In most sinonasal neoplasms, the defect is located at the anterior skull base floor where the CSF flow is low. A triple layer of the iliotibial tract of fascia lata, that is, a free tissue graft, is among the most successful repair solutions. A pedicled tissue (nasoseptal flap, pericranium flap) may also be used to reinforce the duraplasty and offer an adequately vascularized barrier.
The expected imaging findings of a normal duraplasty are characterized by a multiple-layer sandwich of signals replacing the anterior skull base floor. On MR imaging, the duraplasty appears as a quite regular broad plaque 3 to 5 mm thick. When a triple layer of iliotibial tract is used, the inner layer is placed between the dura and the brain (intracranial intradural). Its size is cut to overlap the dural defect. The second and third layers are placed, respectively, between the dura and the bone (intracranial extradural) and on the intranasal surface of the bone (extracranial).
On sagittal T2 sequences, triple layer duraplasty has a variable inner signal initially but a continuous and regular intracranial surface ( Fig. 3 ). Changes in thickness and signal are observed as the graft gradually integrates. In a few months, the thickness is reduced by about 50%. Over time, the 2 nonenhancing underlay layers are progressively surrounded by 2 enhancing layers located on the intracranial and nasal sides, respectively. On the nasal side, the enhancement is a result of various phases of tissue reorganization along the neonasal cavity roof. There, the overlay layer undergoes progressive necrosis. Therefore, it is progressively replaced by in-growth of the adjacent nasal mucosa. Mucosal edema, thin and smooth polypoid changes, hyperplastic scar, or granulation tissue may account for a very variable enhancement. The enhancement present at the intracranial side of the duraplasty is probably the result of increased vascularization of the integrating fascial graft. The fat grafts, which may be added within duraplasty to fill dead spaces and properly dress the defect, progressively reabsorbs and nearly disappears at 1 year ( Fig. 4 ).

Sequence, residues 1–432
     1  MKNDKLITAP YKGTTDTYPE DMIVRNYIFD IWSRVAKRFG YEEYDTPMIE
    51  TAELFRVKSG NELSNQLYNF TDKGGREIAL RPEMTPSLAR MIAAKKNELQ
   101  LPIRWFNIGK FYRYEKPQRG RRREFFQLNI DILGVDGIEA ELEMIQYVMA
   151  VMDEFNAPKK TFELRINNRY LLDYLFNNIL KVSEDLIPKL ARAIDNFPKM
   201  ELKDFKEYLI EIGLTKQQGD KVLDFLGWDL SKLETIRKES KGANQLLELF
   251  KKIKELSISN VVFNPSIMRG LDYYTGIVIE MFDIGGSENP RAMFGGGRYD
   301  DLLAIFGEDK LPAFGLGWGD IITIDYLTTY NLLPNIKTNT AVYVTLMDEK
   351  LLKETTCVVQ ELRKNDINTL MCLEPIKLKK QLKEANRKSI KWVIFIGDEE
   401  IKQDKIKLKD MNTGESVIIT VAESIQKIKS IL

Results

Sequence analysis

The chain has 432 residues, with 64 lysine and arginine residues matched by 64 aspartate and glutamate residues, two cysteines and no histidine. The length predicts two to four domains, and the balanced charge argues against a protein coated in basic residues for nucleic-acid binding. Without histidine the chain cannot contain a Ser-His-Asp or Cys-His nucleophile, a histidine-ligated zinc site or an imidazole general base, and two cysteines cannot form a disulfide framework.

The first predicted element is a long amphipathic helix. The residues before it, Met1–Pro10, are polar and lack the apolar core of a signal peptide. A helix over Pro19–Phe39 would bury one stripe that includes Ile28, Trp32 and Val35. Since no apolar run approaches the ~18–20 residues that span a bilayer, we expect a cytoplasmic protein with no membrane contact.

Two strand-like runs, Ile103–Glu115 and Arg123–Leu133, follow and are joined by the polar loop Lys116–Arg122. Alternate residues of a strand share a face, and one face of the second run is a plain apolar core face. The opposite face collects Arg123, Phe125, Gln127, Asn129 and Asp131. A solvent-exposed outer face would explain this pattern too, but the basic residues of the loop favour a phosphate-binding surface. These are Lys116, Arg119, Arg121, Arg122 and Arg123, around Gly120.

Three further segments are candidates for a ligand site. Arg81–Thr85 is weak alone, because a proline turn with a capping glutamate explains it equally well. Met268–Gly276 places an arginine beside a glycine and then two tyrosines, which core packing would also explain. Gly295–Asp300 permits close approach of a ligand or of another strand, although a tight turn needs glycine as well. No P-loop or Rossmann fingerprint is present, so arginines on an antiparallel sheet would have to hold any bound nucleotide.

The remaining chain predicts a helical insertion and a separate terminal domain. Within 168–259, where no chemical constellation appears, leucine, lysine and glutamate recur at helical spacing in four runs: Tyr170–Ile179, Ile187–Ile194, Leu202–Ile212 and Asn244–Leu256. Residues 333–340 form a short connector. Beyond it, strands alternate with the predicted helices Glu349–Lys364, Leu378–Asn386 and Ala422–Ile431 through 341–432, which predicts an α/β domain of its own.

Two main points are better analyzed if the MR protocol includes sagittal and coronal T2 and corresponding enhanced T1 images. The first is that the fascia lata duraplasty can be disassembled into its singular tissue components, which show different signal intensities. This makes it easier to differentiate the duraplasty from recurrent disease. The second advantage is that the sagittal planes help to analyze the area behind the posterior wall of the frontal sinus, which is difficult to evaluate on coronal planes, because of bending. An effective solution is the use of high-resolution three-dimensional gradient-echo T1 sequences. The acquired volume can be reconstructed in several planes, thereby helping to scrutinize the whole duraplasty complex.